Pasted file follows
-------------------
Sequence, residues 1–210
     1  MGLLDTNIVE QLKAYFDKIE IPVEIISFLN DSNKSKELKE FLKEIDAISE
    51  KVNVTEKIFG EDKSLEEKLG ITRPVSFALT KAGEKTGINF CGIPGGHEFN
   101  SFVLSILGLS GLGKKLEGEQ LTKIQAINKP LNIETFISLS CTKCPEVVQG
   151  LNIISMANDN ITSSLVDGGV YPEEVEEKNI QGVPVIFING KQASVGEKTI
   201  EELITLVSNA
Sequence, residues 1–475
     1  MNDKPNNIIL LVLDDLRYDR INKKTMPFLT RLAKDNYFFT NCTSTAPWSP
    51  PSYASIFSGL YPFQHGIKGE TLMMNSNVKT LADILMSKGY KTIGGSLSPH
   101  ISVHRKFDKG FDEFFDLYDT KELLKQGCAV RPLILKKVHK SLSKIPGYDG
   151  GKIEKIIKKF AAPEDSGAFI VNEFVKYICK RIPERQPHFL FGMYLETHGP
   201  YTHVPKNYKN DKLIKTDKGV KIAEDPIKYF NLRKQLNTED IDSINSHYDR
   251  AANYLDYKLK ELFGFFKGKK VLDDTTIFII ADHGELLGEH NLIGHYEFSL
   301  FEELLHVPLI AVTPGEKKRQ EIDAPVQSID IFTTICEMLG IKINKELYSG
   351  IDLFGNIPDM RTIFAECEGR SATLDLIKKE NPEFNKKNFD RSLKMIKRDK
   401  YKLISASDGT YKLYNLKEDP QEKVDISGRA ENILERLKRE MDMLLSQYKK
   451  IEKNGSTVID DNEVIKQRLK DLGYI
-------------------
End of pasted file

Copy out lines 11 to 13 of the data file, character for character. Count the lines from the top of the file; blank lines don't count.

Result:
   151  GKIEKIIKKF AAPEDSGAFI VNEFVKYICK RIPERQPHFL FGMYLETHGP
   201  YTHVPKNYKN DKLIKTDKGV KIAEDPIKYF NLRKQLNTED IDSINSHYDR
   251  AANYLDYKLK ELFGFFKGKK VLDDTTIFII ADHGELLGEH NLIGHYEFSL